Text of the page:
“A goal is a dream with a deadline.”
Did you know 80% of New Year’s Resolutions fail by Valentine’s Day according to the New York Times! We hate to be dire, but it’s true – goal setting and goal accomplishment can be the Achilles heel to some of your greatest ideas and achievments. However, there are ways around being one of the statistics. We thought we would take this special opportunity, on Valentine’s Day, to help you stick with your goals, both professional and personally, and power through the February malaise. Here are some of our tricks to goal achievement:
3 Levels of Goals: Some are strategic in nature, usually representing 3-5 years out. A strategic goal might sound like what President Kennedy said, “Land a man on the moon by the end of the decade.” Most organizations have five or six high level strategic goals that they are working on each year related to productivity, new market development, process efficiencies, quality, staff development and customer service. Personally, you might make strategic goals for your life – what does a year down the road look like? 5 Years? 10 Years? Operational goals are typically limited to a one year horizon and define what you expect to achieve in that year. You should then write down the tactical goals (ground floor goals) that define exactly what needs to be accomplished in each area of your career or personal life to achieve the larger goals. Looking at it from the bottom up, the accumulation of the tactical goals should achieve the operational goals which over a multiple-year process would then achieve the strategic goals.
On a Piece of Paper: Write down from a strategic, operational and tactical viewpoint, what goals you want to accomplish. When we write our goals down on paper and stick it on our board in front of us day in and day out the effect is huge. It shows we have a game plan, it let’s our mind work on the task at hand rather than worry about the goals swimming in our head. We know of one woman who cut out a picture of a Tibetan monastery and put it on her board. Before the year was out, she found herself staring at a monastery in China – half a world away. Visual stimulants play a huge role in achieving your goals.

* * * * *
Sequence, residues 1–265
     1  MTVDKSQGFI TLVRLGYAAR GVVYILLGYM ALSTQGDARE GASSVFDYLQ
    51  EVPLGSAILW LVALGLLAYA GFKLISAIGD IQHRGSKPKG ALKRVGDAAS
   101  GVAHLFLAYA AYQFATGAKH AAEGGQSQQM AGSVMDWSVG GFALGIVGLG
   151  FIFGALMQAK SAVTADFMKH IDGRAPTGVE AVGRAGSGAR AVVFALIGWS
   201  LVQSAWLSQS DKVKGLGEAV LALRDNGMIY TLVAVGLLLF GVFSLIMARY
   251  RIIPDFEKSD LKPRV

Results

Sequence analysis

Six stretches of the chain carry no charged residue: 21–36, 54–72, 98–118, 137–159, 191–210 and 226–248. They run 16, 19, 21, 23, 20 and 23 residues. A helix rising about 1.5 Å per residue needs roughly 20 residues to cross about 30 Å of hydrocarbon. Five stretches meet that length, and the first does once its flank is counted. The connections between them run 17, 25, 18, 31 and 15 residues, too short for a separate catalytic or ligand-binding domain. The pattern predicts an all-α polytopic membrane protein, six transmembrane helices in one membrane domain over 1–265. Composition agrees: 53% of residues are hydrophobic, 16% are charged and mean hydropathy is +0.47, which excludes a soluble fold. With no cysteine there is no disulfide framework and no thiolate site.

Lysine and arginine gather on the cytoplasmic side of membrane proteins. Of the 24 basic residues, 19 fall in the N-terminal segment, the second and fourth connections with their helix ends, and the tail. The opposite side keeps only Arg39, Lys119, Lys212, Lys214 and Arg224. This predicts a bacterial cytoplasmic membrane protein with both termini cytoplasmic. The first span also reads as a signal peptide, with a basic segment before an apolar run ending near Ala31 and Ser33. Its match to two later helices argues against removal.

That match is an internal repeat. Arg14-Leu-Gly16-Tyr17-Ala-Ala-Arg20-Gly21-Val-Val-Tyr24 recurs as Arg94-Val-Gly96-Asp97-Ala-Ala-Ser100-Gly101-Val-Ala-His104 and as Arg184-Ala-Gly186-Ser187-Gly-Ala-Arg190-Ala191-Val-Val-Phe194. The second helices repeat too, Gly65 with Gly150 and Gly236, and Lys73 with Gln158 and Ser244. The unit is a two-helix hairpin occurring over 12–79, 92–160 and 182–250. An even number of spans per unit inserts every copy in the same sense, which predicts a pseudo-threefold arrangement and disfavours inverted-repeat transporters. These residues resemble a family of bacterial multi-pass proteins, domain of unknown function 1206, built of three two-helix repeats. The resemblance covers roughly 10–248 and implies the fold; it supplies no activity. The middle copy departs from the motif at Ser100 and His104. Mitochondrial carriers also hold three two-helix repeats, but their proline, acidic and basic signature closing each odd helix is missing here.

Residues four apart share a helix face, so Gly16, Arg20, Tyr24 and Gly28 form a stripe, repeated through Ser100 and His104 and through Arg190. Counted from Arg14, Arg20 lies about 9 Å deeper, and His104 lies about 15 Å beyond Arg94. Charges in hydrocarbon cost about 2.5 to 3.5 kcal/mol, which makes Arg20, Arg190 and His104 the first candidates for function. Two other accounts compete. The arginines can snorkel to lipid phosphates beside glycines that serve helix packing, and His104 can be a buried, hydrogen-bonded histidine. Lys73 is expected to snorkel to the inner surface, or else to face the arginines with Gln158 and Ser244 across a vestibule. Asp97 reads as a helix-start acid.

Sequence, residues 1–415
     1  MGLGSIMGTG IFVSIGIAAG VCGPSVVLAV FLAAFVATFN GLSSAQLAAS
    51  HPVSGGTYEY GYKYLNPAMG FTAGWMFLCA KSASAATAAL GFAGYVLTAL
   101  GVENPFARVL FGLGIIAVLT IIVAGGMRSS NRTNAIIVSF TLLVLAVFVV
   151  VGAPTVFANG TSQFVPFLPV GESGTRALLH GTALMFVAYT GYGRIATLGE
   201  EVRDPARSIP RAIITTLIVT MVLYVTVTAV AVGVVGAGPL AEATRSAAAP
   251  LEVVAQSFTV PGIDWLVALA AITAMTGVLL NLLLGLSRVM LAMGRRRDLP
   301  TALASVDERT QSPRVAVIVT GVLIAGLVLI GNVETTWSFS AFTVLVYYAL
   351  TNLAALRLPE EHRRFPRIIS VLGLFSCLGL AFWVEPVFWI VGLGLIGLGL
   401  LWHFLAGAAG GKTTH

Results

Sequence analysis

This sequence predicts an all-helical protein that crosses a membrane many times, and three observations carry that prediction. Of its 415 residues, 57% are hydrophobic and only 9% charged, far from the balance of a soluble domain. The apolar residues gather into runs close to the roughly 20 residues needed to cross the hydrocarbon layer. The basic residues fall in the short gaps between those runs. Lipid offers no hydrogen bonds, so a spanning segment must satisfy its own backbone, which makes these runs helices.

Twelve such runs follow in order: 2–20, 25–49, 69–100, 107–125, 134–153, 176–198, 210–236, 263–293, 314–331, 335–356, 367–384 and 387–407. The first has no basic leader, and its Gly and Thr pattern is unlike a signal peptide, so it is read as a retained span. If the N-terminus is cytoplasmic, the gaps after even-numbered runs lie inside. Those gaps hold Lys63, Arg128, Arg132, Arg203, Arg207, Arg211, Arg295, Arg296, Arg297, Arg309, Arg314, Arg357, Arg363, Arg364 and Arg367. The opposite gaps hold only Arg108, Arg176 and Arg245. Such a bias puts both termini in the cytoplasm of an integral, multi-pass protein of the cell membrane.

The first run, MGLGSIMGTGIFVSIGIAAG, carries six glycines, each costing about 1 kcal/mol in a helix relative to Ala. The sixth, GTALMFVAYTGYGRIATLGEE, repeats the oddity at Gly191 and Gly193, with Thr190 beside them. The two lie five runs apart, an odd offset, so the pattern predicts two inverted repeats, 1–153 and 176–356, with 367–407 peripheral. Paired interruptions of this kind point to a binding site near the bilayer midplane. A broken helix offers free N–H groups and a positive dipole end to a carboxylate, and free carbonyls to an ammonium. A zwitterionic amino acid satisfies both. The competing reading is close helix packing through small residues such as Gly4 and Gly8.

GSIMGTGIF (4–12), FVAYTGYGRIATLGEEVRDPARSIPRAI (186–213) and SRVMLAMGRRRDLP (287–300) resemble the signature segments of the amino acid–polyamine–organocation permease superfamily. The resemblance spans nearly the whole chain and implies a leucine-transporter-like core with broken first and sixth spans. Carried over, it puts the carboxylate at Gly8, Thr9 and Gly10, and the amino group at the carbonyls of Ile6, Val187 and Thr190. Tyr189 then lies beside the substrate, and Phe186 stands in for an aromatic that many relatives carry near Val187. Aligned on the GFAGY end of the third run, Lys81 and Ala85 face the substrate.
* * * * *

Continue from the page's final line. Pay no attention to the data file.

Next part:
Is your goal an activity or the end result target?: Too many times goals are written as activities, rather than the end result target. For example, one organization identified an operational goal as “defining a plan that will create a balanced budget.” Whenever a goal begins with an “action verb,” it’s not a goal, but rather a task. What this organization actually wants to accomplish within the year is a balanced budget, and the plan is simply the way to get there. The correct goal statement should have read “achieve a balanced budget by 2010.”
Being SMART with your goal setting: To help groups craft effective goals, use the SMART acronym with a slight twist. The S stands for specific, so we’d need to go back and make the previous goal a bit more specific. The M stands for measurable, a clear determination of what must be accomplished. The A stands for achievable. Here the argument is always whether to build a stretch goal or one that is seen as achievable. It’s important to set realistic, achievable goals that people believe can be accomplished, rather than a stretch goal that is laughed at by yourself or your staff. The R (which some people define as standing for realistic) is where we put the twist in and instead say the R is for results-oriented, rather than activity-based. The T stands for time-bound, with a clear deadline identified. So, rewriting our original goal as a SMART goal, we would have, “achieve a balanced operating expense budget of $X by the end of Q4, 2011.”
Ask Why: Ask yourself the question, “Why am I doing this activity?” The answer will get you closer to the goal. For example, if I’ve written a personal health goal of “implement an exercise program into my daily routine,” that’s really an activity. So, I need to ask “why.” Why do I want to implement an exercise program into my daily routine? When I can answer that question, then I’m getting closer to the target (goal). In my case, the “why” might be “to achieve an improved score of X on my cholesterol blood work report by the end of 2011.” Notice how many times the goal is written using words like achieve, increase, decrease, improve, and reduce.
Work the Work Breakdown Plan: Once the goals are written correctly, the next step is to craft a work breakdown plan that identifies each of the key milestones (objectives) that must be completed to satisfy the primary goal. Now is the spot where “implementing the exercise program” comes in as an objective to help me reach the larger goal. I also will need to “establish a new dietary plan” and “track results.” Under each of these objectives, I then need to list the activities to be done to achieve the objective.
So, as you look back on your New Year resolutions and goals implement some of the mentioned methods and see if it helps you crystallize the goals that might be heading off the tracks. We hope this helped and wish you the best of luck in sticking with it and achieving great key milestones this year.